One-Party State Watch
By Arnold Kling
The Bradley Symposium transcript is now available. Mitch Daniels (p.13):
You can be a silver-spoon, blue-blood, wind-surfing, coastal elitist, but if you wear the Democratic label you are presumed to be connected and empathetic and to understand the problems of everyday people – and vice versa.
Rich Lowry (p. 18):
despite all of his incredible political skills, [Ronald Reagan] wouldn’t have won election if it weren’t for inflation, if it weren’t for gas lines, if it weren’t for the reigning hostage crisis, if it weren’t for Afghanistan, if it weren’t for the entire litany of Carter administration failures. And when you are as far as Republicans were in the late 1970s, and as far down as they are today, you need the other side to fumble, and for its vision to be discredited. And at the moment, Barack Obama has the ball, and he is going to have the ball until he commits some sort of turnover.
Lowry (p. 21):
I became a conservative when I was a teenager. I found myself saying, well, there was this discredited incumbent who was in offi ce at a time of economic turmoil and economic crisis, and events abroad seemed to be out of control, and then this amazingly articulate and hopeful fi gure promising change came onto the stage. And at some point throughout this litany, I thought, oh, damn! (Laughter.) Because we have the exact opposite happening now.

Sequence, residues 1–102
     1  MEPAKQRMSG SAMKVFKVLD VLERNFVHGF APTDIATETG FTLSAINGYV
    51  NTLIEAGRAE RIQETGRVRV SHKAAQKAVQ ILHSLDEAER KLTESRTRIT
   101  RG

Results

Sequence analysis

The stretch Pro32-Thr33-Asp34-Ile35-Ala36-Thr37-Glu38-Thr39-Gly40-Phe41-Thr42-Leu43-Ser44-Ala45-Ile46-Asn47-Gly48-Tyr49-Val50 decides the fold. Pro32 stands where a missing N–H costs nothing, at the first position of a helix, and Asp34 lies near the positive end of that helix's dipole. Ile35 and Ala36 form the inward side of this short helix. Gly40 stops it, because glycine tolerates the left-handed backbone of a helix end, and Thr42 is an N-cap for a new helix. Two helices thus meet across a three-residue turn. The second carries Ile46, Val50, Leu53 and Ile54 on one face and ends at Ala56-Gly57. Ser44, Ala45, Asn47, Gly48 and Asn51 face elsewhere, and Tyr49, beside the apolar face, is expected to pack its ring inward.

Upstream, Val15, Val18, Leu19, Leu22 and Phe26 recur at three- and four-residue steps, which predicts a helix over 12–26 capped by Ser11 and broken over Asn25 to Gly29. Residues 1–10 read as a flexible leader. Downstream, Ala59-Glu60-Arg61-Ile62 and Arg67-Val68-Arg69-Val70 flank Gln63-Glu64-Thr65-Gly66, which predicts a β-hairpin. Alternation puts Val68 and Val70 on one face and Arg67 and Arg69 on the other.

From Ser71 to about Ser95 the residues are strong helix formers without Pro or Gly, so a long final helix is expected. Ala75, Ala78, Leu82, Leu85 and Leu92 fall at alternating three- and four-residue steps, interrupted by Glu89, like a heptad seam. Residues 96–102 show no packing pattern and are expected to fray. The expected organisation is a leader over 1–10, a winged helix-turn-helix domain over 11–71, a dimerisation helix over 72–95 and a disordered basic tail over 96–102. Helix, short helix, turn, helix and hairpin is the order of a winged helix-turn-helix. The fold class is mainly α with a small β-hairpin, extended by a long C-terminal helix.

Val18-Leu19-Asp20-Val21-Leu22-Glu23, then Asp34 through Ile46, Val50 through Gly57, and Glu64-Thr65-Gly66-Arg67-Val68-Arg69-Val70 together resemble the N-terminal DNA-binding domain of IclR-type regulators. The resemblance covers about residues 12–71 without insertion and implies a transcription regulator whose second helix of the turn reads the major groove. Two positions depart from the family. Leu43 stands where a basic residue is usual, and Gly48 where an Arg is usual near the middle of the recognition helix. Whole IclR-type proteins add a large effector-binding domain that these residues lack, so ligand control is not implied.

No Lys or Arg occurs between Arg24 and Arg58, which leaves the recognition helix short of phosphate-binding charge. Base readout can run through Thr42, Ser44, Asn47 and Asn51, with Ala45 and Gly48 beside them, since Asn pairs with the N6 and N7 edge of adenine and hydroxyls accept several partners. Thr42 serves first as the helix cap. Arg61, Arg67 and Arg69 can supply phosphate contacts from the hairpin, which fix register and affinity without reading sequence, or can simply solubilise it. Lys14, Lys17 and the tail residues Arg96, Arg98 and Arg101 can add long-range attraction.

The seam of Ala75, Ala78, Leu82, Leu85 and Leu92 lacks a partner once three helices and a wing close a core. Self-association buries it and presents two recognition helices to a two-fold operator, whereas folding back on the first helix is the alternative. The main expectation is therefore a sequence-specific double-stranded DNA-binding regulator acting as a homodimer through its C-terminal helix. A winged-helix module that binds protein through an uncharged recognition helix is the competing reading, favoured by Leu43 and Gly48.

Daniels (p. 22)
The Republican Party is a lot sicker patient, for the moment, than the views that have been associated with it. But we’ve got to repair the jalopy because that’s the vehicle these views can travel in.
A question from the audience (p. 24):
SANJEEV JOSHIPURA, U.S. Congress Joint Economic Committee: Voting results over the recent past few elections show that well-educated people are turning away from the Republican Party. Why is that, and how do we reverse it?
Yuval Levin (p. 24):
there is no question that you want to be the smart party; you want to be the party that appeals to people who think of themselves as sophisticated political consumers. And for a while, now, Republicans have had a problem with that.
Daniels (p. 25):
there was an enthusiasm for President Obama last year that stemmed from a lot of miscellaneous sources. For a lot of upper-income people that I saw vote for him, it was a luxury purchase in the sense that he didn’t seem a threat economically; there was the history of it – the natural desire for change after a period of poor results; but quite honestly, it was a fashion statement to vote for him, for some people.
Daniels (p. 25):
Folks on either side, by the way, have thought about discarding one of the traditional parties, trying somehow to construct something new. It’s not very practical. The system tends to find an equilibrium, and it will again. If there is anything that today’s American of all ages insists on, it’s choice, lots of choices. And I think that they wouldn’t sit still for the extinction of one of the two that they have in this context.